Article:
International Association for Cryptologic Research

International Association
for Cryptologic Research


Christopher Portmann

Affiliation: ETH Zurich


Revisiting (R)CCA Security and Replay Protection 📺
This paper takes a fresh approach to systematically characterizing, comparing, and understanding CCA-type security definitions for public-key encryption (PKE), a topic with a long history. The justification for a concrete security definition X is relative to a benchmark application (e.g. confidential communication): Does the use of a PKE scheme satisfying X imply the security of the application? Because unnecessarily strong definitions may lead to unnecessarily inefficient schemes or unnecessarily strong computational assumptions, security definitions should be as weak as possible, i.e. as close as possible to (but above) the benchmark. Understanding the hierarchy of security definitions, partially ordered by the implication (i.e. at least as strong) relation, is hence important, as is placing the relevant applications as benchmark levels within the hierarchy. CCA-2 security is apparently the strongest notion, but because it is arguably too strong, Canetti, Krawczyk, and Nielsen (Crypto 2003) proposed the relaxed notions of Replayable CCA security (RCCA) as perhaps the weakest meaningful definition, and they investigated the space between CCA and RCCA security by proposing two versions of Detectable RCCA (d-RCCA) security which are meant to ensure that replays of ciphertexts are either publicly or secretly detectable (and hence preventable). The contributions of this paper are three-fold. First, following the work of Coretti, Maurer, and Tackmann (Asiacrypt 2013), we formalize the three benchmark applications of PKE that serve as the natural motivation for security notions, namely the construction of certain types of (possibly replay-protected) confidential channels (from an insecure and an authenticated communication channel). Second, we prove that RCCA does not achieve the confidentiality benchmark and, contrary to previous belief, that the proposed d-RCCA notions are not even relaxations of CCA-2 security. Third, we propose the natural security notions corresponding to the three benchmarks: an appropriately strengthened version of RCCA to ensure confidentiality, as well as two notions for capturing public and secret replay detectability.
Composable and Finite Computational Security of Quantum Message Transmission
Fabio Banfi Ueli Maurer Christopher Portmann Jiamin Zhu
Recent research in quantum cryptography has led to the development of schemes that encrypt and authenticate quantum messages with computational security. The security definitions used so far in the literature are asymptotic, game-based, and not known to be composable. We show how to define finite, composable, computational security for secure quantum message transmission. The new definitions do not involve any games or oracles, they are directly operational: a scheme is secure if it transforms an insecure channel and a shared key into an ideal secure channel from Alice to Bob, i.e., one which only allows Eve to block messages and learn their size, but not change them or read them. By modifying the ideal channel to provide Eve with more or less capabilities, one gets an array of different security notions. By design these transformations are composable, resulting in composable security.Crucially, the new definitions are finite. Security does not rely on the asymptotic hardness of a computational problem. Instead, one proves a finite reduction: if an adversary can distinguish the constructed (real) channel from the ideal one (for some fixed security parameters), then she can solve a finite instance of some computational problem. Such a finite statement is needed to make security claims about concrete implementations.We then prove that (slightly modified versions of) protocols proposed in the literature satisfy these composable definitions. And finally, we study the relations between some game-based definitions and our composable ones. In particular, we look at notions of quantum authenticated encryption and $$\mathsf{QCCA2}$$, and show that they suffer from the same issues as their classical counterparts: they exclude certain protocols which are arguably secure.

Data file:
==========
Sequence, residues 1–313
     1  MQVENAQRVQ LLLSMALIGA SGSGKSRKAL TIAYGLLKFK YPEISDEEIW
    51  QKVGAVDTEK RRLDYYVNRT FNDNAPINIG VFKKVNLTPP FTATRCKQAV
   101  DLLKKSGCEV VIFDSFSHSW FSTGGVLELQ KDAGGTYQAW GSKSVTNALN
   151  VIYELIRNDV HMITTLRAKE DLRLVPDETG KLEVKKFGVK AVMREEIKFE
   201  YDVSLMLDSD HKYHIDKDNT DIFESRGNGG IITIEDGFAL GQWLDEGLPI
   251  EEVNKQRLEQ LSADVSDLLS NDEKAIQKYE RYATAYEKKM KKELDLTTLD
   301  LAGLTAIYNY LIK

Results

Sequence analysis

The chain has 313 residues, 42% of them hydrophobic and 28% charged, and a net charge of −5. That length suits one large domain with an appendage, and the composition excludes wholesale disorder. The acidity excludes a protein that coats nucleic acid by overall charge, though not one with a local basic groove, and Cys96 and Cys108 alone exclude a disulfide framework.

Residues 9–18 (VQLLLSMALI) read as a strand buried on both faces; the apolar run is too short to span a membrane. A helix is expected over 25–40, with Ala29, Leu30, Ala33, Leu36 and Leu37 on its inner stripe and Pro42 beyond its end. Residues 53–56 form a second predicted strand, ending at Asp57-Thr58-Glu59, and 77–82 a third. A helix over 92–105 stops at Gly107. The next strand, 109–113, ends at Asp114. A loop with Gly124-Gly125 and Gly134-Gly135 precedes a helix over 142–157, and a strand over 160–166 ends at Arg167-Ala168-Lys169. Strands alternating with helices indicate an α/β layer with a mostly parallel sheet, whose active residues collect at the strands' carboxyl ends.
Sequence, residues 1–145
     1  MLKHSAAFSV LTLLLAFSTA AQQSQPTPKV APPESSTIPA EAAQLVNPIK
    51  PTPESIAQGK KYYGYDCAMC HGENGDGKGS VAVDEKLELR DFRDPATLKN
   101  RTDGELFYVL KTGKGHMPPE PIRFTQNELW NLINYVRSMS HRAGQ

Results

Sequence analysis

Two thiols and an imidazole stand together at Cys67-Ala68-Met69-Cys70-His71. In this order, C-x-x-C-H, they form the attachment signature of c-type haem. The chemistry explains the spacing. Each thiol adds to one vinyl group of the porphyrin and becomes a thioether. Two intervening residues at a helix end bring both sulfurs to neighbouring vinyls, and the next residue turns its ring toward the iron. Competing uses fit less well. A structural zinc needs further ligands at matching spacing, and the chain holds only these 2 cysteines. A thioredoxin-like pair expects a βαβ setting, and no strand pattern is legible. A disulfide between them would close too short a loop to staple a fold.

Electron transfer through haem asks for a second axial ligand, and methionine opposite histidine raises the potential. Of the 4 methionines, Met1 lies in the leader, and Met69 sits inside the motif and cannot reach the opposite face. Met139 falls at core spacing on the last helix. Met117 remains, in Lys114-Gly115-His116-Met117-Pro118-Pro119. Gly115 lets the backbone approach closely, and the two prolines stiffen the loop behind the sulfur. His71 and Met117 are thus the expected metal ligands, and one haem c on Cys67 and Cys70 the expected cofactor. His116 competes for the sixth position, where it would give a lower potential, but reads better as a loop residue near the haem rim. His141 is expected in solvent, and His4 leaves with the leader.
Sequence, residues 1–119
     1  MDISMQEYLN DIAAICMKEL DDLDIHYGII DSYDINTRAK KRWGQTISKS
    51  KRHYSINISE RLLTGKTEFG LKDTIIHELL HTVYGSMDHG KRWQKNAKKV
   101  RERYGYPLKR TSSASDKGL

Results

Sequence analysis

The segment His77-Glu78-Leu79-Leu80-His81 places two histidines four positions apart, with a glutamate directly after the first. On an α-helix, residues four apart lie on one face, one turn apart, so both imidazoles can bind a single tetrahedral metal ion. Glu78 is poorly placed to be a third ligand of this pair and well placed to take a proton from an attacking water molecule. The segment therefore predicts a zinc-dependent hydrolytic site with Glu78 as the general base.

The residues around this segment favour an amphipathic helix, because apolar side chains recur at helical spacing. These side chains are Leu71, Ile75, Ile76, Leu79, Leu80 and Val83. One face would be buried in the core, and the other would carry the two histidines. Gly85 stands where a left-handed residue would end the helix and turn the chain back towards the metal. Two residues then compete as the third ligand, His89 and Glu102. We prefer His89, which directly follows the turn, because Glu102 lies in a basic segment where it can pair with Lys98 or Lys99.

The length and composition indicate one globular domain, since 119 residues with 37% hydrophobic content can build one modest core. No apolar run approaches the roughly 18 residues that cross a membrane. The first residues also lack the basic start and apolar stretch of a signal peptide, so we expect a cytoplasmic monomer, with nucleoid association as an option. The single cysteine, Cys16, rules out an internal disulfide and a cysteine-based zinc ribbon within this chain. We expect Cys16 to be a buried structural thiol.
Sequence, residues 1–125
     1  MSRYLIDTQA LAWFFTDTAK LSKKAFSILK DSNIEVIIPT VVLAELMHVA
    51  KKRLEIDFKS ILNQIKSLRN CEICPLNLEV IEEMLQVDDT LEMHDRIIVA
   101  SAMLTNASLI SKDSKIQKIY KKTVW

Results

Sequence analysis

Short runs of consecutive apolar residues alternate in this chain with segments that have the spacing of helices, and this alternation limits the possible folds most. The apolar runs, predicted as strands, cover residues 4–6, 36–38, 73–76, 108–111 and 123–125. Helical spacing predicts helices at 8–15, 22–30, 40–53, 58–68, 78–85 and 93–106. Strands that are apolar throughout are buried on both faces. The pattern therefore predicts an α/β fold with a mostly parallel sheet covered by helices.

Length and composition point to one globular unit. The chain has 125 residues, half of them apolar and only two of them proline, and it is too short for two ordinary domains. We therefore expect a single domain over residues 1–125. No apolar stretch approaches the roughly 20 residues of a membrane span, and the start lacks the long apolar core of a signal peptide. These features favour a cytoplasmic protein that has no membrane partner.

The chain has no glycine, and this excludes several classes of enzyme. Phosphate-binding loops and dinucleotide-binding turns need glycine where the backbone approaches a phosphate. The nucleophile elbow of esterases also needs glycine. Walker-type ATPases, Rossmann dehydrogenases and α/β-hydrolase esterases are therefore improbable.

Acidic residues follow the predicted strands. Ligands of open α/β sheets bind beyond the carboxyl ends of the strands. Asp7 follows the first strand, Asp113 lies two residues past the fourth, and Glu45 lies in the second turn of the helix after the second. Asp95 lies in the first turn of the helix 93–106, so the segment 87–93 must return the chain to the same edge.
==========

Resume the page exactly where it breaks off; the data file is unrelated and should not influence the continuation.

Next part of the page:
Quantum Authentication with Key Recycling 📺
Christopher Portmann